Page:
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…The Antfolk are a bit concerned about the Evil Empire thing, but as long as they’re getting Cheliax literature in return, they don’t care that much. (They would probably care that much if they knew about Hell, but thankfully for Abigail, they don’t!). Are these better?

 

Unfortunately, seduction doesn’t translate very well, since Antfolk are a hive species and don’t do sex! Cruelty is also not very popular. The other stuff they can totally work with, though! They can’t actually think of a single piece of literature that doesn’t include pride, actually - they’re a very proud people, normally!

 

Another dense-action filled series, but this one involves rescuing the other from slavery because of a much more possessive “this one is mine they can’t have it I don’t share they’re mine” sort of thing. Instead of sneaking in for the rescue, the rescuer, named Jalturi brutally kills everyone in her path, and loots most of their wealth in reparation. The former slave, Telmu, kill all of the grubs and eggs in reparation for being forced to work in the nursery, and she makes lots of badass comments while doing so. The narrative doesn’t seem to even think that people would consider this very evil.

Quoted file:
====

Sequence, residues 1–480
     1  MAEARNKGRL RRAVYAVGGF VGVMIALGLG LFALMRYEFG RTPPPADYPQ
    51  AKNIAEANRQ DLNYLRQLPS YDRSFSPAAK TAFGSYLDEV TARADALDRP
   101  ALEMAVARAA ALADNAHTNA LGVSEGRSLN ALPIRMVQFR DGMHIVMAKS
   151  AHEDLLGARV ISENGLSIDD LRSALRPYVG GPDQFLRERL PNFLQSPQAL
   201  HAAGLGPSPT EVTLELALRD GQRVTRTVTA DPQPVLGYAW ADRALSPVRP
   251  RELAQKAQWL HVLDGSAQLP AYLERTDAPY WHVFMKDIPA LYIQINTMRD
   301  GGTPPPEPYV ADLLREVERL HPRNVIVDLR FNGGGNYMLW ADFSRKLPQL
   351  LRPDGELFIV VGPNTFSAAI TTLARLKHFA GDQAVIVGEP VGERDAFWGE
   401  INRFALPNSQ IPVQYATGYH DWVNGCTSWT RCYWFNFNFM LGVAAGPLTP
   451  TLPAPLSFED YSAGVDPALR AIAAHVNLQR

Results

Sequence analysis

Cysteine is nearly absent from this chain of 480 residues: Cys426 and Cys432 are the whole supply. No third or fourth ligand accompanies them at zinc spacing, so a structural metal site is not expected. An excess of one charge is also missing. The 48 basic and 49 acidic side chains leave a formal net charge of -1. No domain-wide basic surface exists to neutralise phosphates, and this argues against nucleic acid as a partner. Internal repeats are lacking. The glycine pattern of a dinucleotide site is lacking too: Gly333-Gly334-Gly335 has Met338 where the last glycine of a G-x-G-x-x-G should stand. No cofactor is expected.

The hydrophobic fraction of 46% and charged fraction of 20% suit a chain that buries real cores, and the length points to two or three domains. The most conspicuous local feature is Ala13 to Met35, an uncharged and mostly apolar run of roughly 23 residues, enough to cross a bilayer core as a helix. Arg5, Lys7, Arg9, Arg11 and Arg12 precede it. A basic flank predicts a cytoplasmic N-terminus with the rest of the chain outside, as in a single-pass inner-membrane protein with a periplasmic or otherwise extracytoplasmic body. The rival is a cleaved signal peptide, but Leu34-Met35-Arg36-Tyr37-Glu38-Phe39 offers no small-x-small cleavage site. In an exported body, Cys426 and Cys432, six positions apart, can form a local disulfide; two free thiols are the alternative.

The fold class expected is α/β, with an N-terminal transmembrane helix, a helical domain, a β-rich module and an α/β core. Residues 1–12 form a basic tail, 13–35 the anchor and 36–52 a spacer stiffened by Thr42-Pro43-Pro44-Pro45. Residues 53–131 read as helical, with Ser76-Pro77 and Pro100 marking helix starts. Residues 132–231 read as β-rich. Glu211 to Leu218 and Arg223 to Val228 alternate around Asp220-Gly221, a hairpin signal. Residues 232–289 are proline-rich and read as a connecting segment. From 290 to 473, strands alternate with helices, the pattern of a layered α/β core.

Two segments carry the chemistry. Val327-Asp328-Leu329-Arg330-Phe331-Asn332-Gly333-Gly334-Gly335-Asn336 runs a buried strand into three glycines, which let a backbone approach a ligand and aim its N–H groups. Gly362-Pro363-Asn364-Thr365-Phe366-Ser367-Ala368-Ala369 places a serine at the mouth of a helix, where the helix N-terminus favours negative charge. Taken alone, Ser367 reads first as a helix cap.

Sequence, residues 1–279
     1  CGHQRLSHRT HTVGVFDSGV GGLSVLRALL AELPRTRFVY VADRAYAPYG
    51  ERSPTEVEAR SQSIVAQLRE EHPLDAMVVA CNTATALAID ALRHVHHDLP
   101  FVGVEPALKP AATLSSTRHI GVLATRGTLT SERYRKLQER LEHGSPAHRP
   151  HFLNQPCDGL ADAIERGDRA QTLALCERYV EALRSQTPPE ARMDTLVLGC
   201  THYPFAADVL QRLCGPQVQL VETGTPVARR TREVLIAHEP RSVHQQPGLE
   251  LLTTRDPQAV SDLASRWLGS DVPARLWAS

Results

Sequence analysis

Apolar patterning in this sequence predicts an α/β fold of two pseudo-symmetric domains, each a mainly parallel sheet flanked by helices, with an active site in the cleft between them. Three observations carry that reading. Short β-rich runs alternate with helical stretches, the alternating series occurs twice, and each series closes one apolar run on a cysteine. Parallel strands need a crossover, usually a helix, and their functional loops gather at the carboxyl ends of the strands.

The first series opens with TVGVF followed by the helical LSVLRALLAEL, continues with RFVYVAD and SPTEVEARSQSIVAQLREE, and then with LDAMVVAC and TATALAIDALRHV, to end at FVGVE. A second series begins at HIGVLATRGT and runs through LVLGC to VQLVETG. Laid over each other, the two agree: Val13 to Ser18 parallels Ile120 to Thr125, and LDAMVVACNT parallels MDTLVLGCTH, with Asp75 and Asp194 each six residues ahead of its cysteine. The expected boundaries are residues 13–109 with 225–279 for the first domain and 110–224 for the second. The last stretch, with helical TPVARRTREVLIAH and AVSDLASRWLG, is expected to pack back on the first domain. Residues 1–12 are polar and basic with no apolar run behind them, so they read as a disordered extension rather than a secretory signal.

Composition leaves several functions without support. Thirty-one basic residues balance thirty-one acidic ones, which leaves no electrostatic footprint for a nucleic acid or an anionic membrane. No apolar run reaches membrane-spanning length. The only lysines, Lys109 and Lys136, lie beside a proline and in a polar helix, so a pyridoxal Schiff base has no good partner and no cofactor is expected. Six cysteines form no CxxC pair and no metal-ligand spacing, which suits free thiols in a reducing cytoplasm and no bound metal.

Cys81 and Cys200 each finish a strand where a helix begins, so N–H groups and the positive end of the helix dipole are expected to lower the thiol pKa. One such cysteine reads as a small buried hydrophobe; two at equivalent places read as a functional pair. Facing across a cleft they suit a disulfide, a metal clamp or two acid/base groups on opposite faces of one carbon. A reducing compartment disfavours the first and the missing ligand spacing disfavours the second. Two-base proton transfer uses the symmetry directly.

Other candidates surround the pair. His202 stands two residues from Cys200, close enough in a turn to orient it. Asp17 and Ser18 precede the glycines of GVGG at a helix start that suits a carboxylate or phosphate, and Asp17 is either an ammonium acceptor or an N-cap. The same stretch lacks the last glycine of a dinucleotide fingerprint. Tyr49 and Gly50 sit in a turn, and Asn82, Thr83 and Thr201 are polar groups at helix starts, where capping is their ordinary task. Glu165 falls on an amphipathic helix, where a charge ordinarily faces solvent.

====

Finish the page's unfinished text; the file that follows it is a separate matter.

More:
A young worker, Telrun, looking to prove herself, infiltrates an enemy hive, telling them a backstory that heavily implies that her “former hive” was killed by her actual hive. Using the sympathy and goodwill this gives her, she gains enough trust to become an apprentice alchemist, and thereby gain access to the notes. She sends the information to her actual hive using telepathy. This continues for a while, until the spymaster tells her to stab the senior alchemist on the next herb gathering explanation and run. Telrun objects, asking why, and the spymaster explains that she can tell that people are getting suspicious, even if Telrun is less skilled in the arts of spy craft and can’t, and that the senior alchemist previously created a nasty weapon that roughly translates to liquid-burning-living-hive-destroyer. She stabs her with a tool somewhere in between and spear and a dagger, and runs back to her hive, where she is praised and celebrated for her excellent work.

 

 

A very complicated political novel with around 600,000 words, featuring nine diplomats from three different hives navigating a tension-filled debate about the best way to handle criminals (execution, forced-work, exile, and loss-of-rights seem to be the main options), while also trying to make the most advantageous trade deals, with several backroom discussions between every combination of hives at different points, embarrassing interpersonal drama, and a tremendous amount of dramatic irony.